The final act was Yahweh, playing as a full band tonight, and elevating the noise levels in all the best ways. Main man Lewis Cook is probably sick and tired of people mentioning his youth, but I'm going to do it again anyway. For one so young not only do Cook's songs have incredible maturity, but he's comfortable on stage too. Add into that a tight live band and Yahweh are quite special live. I mentioned in my feature last week that I'm a big fan of the album, Tug of Love, I'm possibly an even bigger fan of the way the songs sound live now. Great songs, great band, great night!

Both Yahweh and esperi are performing at Define Pop 2, I can't wait to see them both at that.
Panda Su is back in Glasgow in December for the PodcART crew's Christmas Party, in a night that I won't be missing. Hopefully it won't be too long before Debutant pays Glasgow another visit too.

Lest I forget, Waves Below did a great job keeping the ambiance going between acts from the DJ booth.

Links: Glasgow PodcART - Oxjam - Debutant - Esperi - Panda Su - Waves Below - Yahweh

Monday, 2 November 2009

EP Review: Kid Canaveral - Left And Right

We've established that I'm not the best at keeping up on what I'm meant to be doing by now, so it should come as no surprise that I once again preface a review with an apology. Sorry to Kid Canaveral, who sent me over their new EP just before it's launch night weeks ago and it has taken me this long to get round to reviewing it.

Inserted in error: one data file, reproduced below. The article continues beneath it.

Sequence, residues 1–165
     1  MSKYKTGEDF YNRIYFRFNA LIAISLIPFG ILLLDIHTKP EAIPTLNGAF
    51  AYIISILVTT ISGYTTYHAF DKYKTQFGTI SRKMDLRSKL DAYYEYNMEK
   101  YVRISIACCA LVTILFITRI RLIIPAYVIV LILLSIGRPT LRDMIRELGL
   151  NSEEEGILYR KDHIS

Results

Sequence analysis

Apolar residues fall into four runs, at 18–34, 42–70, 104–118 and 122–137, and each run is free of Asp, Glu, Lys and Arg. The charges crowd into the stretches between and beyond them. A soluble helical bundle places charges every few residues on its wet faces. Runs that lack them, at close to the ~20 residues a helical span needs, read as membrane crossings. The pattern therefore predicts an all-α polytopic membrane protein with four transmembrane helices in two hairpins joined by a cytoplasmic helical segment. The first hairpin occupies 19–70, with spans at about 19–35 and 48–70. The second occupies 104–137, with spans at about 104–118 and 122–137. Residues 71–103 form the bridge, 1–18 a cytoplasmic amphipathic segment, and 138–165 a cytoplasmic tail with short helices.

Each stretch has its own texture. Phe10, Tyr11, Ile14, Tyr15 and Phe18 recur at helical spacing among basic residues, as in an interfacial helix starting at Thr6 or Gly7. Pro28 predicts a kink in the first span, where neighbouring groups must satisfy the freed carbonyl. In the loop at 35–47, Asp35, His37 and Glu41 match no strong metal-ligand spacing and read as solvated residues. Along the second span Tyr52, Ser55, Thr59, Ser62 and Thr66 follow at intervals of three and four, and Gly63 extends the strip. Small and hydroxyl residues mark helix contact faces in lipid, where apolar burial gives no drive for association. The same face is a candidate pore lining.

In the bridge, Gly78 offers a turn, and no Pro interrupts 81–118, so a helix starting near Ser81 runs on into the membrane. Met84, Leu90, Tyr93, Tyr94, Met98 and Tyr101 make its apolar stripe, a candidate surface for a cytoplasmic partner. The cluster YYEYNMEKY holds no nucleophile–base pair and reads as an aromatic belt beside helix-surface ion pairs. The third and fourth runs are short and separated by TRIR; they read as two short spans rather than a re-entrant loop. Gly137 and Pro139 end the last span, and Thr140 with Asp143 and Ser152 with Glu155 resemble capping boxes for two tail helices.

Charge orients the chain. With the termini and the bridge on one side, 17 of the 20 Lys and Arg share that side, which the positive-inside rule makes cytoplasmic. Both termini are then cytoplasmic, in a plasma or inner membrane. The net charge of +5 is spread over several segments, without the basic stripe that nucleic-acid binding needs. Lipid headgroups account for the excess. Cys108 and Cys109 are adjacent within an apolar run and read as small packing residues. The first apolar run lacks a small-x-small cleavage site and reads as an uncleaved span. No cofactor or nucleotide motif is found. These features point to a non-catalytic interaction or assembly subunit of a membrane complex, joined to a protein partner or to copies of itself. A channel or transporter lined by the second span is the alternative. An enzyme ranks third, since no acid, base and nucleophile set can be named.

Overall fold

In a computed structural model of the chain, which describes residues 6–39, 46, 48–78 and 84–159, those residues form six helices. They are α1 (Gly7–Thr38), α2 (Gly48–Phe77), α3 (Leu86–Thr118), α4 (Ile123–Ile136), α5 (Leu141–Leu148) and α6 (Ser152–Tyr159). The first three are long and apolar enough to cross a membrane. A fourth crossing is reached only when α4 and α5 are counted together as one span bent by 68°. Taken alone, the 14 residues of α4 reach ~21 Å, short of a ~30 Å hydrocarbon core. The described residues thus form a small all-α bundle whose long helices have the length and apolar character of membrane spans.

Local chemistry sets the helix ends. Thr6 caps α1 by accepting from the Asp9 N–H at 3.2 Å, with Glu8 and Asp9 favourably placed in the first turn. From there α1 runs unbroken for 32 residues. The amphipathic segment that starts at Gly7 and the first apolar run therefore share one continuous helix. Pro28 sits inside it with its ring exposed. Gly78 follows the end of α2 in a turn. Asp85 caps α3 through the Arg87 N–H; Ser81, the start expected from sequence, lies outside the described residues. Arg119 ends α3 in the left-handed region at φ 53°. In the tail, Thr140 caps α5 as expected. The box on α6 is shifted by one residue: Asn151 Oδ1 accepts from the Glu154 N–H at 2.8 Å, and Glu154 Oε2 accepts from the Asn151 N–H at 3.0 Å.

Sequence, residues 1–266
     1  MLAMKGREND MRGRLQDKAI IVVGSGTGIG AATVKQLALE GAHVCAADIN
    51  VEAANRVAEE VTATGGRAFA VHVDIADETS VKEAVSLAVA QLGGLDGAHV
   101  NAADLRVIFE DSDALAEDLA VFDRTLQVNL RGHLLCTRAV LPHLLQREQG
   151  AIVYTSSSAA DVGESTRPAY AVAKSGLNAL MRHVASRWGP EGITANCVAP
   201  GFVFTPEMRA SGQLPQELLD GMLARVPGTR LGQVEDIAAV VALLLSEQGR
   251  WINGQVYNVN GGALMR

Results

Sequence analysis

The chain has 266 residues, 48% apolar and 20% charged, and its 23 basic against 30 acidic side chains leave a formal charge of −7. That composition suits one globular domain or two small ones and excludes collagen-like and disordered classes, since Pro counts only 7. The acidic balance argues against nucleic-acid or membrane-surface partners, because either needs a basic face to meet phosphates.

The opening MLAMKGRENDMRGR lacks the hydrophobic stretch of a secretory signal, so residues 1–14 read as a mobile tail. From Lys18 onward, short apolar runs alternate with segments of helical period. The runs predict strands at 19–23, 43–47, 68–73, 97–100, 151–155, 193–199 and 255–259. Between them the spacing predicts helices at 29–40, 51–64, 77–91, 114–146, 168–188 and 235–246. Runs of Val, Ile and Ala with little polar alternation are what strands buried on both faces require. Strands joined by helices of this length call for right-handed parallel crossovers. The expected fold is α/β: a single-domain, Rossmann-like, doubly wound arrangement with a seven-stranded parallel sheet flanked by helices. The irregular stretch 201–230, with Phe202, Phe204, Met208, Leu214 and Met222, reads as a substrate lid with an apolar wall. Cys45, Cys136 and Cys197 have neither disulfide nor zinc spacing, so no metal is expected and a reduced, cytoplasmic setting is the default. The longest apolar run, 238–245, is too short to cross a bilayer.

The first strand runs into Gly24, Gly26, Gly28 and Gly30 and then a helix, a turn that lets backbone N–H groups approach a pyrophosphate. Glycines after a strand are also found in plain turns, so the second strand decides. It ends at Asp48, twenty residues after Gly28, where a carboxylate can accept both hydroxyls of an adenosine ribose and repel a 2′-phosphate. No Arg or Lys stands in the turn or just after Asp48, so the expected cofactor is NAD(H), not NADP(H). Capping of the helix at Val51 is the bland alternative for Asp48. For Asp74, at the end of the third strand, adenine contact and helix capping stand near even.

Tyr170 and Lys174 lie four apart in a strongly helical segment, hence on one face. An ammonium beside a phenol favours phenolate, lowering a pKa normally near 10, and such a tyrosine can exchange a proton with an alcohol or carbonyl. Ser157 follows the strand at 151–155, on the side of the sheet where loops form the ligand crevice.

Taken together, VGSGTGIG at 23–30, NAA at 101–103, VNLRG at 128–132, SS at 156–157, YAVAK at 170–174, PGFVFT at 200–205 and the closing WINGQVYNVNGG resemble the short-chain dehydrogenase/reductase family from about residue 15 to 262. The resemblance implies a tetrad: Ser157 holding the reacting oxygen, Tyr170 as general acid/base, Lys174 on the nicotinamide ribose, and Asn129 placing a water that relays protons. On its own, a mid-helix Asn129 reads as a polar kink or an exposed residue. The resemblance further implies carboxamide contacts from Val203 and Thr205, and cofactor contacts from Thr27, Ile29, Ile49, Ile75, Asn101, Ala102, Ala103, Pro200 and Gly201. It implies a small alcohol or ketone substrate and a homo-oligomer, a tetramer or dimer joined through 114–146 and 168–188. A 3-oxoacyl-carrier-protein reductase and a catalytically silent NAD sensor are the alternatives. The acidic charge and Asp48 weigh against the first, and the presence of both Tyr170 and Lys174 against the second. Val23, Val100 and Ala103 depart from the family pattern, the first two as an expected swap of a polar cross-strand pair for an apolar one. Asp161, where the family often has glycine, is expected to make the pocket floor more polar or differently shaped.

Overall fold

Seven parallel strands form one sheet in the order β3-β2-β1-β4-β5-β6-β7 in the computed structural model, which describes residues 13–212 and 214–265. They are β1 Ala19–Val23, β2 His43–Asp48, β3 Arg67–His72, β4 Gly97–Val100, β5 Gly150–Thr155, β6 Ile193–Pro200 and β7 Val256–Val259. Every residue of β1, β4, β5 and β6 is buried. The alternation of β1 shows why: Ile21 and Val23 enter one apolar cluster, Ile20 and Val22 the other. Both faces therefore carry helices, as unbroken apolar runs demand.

There's something I knew already about Kid Canaveral from picking up their previous singles, and that is that they know their way around a catchy tune. The Left and Right EP reinforces this from the off, with the opening track after which the EP is named grabbing you instantly with it's killer hook, sweet harmonies, summery cheeriness and all round bouncy joy. Indie pop splendidness that reminds a bit of The Delgados (and being compared favourably to The Delgados is one of the highest compliments I can pay someone).